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Change Your Attitude to Change Your Lifefrom: Guest Contributor - Camille Goscicki
Have you ever known a time in your life when a bad attitude helped you with what you were dealing with? How about someone else you've known who walked around with that cloud over their head, expecting life to rain on them at any moment? Did their bad attitude fight off the storm!
Personally, I can't think of any time in my past when my bad attitude solved any problem or concern I was facing. If anything, the attitude I carried brought on more misery, and a lack of clear thought that could have helped me make things better.
Having a bad attitude affected my self-esteem, my decisions, and my choices in life. Negativity made me fear life and what was ahead of me in the future. Somehow, some way, my attitude changed, due to my marriage, the birth of my daughter; and the death of my only brother, among other life experiences.
I got to the point in life where I'd say to myself, "This isn't a dress rehearsal, kiddo. This is life. If you're going to live it, you might as well live it well." So I chose a new perspective. It worked for me. I'm not afraid of what lies ahead anymore, and I face life with an "active pessimist" attitude. I may complain, criticize and get ticked off about stuff that happens, but then I take action and do something about it (if I can). Sometimes there's nothing I can do except let the storm ride out.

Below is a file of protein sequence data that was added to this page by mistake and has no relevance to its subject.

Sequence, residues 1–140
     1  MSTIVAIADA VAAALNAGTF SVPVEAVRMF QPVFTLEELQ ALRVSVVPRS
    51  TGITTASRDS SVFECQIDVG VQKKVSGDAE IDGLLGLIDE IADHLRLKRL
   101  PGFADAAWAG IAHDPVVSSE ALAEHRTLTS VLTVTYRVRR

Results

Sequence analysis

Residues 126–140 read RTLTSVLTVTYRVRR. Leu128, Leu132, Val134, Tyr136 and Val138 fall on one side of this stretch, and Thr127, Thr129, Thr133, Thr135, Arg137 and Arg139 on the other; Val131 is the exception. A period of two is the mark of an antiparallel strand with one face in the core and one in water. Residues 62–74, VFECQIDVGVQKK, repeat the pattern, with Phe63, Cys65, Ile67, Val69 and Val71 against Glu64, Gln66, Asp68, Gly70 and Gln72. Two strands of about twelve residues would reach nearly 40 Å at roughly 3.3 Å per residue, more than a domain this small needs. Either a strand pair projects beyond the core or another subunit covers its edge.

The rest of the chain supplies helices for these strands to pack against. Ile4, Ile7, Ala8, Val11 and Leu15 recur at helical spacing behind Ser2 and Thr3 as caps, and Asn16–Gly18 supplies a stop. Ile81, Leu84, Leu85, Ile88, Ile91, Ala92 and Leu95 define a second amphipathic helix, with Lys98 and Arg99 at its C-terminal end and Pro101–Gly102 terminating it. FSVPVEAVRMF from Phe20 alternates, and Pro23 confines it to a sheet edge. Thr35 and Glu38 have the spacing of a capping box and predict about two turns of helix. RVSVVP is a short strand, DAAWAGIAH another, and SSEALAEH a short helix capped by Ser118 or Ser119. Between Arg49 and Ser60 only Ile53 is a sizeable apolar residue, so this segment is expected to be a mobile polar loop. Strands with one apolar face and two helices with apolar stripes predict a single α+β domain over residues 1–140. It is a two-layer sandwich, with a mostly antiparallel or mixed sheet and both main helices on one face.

I'm sure you've seen those people who constantly complain about getting older, who feed into the old-age stereotypes, and who use age as an excuse to let their bodies and minds go to waste. I've seen it myself, in people decades younger than me. What a terrible way to age!
Vital aging requires an empowered attitude.
I didn't just pull that belief off the top of my head. Aging experts and researchers have shown that a person's attitude affects their aging process. Many studies have shown that:
• Older people who believe in positive aging stereotypes live longer than those who believed in negative stereotypes.
• Older people with a positive attitude take better care of themselves, and may recover from illness/injury faster.
• Older people who stay engaged in life (e.g., with lifelong learning) have a higher quality of life than those who don't.
• Often, older people are happier than younger adults. (Face it, we know we have less time on this earth, so it's important to make the most of it!)
Why "get" older when you can "grow" older? When you reach the age of 40, or 50, let go of the "over the hill" thinking. Start climbing again. There are new hills to challenge you. Change your perspective. Let go of those stereotypes. Quit complaining. Make physical and mental fitness a priority. Fight ageism. Stay connected. Laugh out loud. Remain flexible. Keep learning. Take charge of your life.
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Article Source: http://EzineArticles.com/expert/Camille_Goscicki/1823253